The new year starts on a more positive note for the education sector after it was boosted by announcements in December on a new private finance model and £1bn in new money for free schools and academies.
Procurement of the £400m capital part of the Priority School Building Programme is under way, and the Department for Education will reveal this month how it intends to spend the additional £1.17bn for the sector, announced in the autumn statement.
Of the new money, just £275m will be spent in the next financial year, but procurement will ramp up as the year goes on, with building work for the first schools expected to start in autumn.
Treasury officials said the new money would equate to around 100 schools; however, the exact make-up of new-build and repair schemes is yet to be decided.
With the new private finance 2 model of private financing now agreed, all eyes will be on work packages coming to the market for the £2bn programme, of which £1.75bn is to be spent in construction.
It will be interesting to see how contractors approach the new private finance model, which could see those who have been relatively quiet in education, or those who didn’t secure a place on the academies framework, increase their presence in the sector.
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Education Funding Agency director of capital Mike Green has expressed his frustration at the length of time it has taken to make progress on the Priority School Building Programme since his appointment was announced in February.
But progress is being made, finally, with the new private finance model now enabling the £2bn programme to start in earnest. Contractors will expect reduced returns on the new PF2 model compared with PFI, but this is unlikely to lead to a scarcity of bidders.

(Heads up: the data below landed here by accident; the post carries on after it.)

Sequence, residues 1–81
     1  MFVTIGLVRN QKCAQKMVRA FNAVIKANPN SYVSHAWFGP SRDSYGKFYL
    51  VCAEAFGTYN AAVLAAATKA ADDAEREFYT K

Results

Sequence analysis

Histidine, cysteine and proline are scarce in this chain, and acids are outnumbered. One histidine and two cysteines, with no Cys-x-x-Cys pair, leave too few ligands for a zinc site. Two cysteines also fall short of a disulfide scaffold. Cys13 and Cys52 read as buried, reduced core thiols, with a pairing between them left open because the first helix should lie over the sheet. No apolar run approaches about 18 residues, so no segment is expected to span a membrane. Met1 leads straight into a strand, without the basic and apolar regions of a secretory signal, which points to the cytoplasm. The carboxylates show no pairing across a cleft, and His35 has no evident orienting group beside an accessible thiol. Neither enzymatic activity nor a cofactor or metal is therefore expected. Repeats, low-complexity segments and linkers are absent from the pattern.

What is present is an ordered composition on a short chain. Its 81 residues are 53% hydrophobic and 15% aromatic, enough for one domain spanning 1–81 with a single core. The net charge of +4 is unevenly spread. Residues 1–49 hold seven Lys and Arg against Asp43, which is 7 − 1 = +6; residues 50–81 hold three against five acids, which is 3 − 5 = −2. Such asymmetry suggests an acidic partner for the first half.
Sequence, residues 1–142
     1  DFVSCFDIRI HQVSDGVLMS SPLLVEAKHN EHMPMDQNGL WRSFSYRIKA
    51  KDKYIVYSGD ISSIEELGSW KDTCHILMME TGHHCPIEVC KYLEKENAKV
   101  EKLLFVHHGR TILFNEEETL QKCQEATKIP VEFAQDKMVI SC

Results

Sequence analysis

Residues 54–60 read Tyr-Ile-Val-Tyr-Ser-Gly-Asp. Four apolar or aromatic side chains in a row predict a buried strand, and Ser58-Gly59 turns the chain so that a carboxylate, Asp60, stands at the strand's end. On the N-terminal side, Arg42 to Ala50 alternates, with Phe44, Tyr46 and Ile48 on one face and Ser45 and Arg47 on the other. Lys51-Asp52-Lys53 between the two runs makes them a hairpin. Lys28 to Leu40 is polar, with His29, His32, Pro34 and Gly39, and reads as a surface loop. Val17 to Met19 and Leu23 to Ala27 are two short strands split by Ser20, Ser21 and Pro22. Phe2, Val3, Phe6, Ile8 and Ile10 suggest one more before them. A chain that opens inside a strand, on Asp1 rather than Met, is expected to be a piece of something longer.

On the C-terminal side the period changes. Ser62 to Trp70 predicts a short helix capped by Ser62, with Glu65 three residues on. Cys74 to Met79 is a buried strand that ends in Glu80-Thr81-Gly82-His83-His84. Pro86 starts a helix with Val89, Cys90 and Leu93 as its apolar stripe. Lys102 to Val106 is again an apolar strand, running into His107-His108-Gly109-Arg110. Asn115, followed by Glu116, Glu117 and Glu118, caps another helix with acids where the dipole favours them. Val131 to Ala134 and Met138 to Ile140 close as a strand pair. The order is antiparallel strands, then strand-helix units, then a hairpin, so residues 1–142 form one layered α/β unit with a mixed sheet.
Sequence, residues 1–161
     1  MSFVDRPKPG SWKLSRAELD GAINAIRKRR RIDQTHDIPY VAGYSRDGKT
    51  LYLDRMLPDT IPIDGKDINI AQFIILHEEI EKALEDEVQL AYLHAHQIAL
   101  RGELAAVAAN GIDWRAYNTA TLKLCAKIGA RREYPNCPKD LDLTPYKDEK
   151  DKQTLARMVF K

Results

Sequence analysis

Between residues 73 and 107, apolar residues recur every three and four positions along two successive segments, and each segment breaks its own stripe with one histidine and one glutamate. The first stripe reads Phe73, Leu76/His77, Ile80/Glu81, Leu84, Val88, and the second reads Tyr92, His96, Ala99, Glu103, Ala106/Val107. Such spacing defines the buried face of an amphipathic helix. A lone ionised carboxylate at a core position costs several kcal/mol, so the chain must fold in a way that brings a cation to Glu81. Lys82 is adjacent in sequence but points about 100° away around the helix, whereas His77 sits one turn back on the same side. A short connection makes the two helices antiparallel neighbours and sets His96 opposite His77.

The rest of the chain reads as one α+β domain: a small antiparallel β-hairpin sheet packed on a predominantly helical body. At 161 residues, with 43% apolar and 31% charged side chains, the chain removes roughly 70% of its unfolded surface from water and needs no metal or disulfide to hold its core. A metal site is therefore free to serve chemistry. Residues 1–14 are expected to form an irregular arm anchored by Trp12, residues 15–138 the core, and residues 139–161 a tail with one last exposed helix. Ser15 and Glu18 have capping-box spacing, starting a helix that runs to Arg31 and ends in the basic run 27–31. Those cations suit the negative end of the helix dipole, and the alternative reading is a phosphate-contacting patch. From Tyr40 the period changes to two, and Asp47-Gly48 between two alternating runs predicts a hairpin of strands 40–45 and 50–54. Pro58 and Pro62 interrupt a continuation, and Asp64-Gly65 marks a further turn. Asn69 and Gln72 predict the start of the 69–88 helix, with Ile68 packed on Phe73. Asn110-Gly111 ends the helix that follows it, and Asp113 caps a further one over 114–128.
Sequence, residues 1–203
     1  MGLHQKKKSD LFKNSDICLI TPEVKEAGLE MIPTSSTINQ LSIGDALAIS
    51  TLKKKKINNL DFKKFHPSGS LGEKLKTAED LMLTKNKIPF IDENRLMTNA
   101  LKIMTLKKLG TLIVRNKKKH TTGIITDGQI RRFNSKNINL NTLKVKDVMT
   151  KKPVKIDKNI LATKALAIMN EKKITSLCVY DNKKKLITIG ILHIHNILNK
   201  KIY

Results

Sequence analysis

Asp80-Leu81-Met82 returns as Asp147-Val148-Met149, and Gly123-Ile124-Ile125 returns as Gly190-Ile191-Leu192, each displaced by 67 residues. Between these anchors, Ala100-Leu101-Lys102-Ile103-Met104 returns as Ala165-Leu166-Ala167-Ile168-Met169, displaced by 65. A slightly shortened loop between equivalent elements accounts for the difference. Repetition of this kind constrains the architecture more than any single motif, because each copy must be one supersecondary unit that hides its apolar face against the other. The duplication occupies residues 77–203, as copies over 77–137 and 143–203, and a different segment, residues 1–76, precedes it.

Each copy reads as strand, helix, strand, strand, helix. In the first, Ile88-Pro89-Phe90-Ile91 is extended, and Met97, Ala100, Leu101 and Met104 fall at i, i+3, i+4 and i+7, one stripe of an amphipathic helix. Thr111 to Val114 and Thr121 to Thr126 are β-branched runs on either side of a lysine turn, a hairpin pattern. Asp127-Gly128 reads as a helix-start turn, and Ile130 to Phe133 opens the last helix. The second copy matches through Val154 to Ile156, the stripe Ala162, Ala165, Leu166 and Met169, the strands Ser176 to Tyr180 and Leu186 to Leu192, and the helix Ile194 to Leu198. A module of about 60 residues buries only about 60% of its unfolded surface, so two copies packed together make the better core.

Keeping contractors satisfied that they can make decent margins, local authorities and schools satisfied they are still getting excellent schools at a cheaper cost, and maintaining recent progress on procurement such as the increased speed of awards through the academies framework, will be among the big challenges.
There is a renewed optimism in the sector and after big contractors cut education staff in 2012, increased confidence will hopefully lead to the right skills being allocated to the sector at a time when contractors will be under greater pressure than ever to perform with more limited resources.
More than 200 schools will start to be built through private finance in 2013, with bidding already under way for batches of capitally-funded schools worth around £100m in the North-east and Midlands.
A package of academies worth £54m in London will be next, followed by five batches with the remaining £250m of government funds, with two in the North-west and one each in the South, East and Midlands still to come.
Contractors will be paying attention to their expected reduction in cost and waste, including 15 per cent “reduction in wasted space” for secondary schools and 5 per cent for primary schools compared with BSF, with target of 30 per cent overall cost savings against the scrapped £55bn programme.
Writing for CN in November, Wates head of education Stephen Beechey said reducing delivery times, staying within a tighter budget and providing the “most innovative designs possible, within financial constraints” will be high on the sector’s priorities for 2013.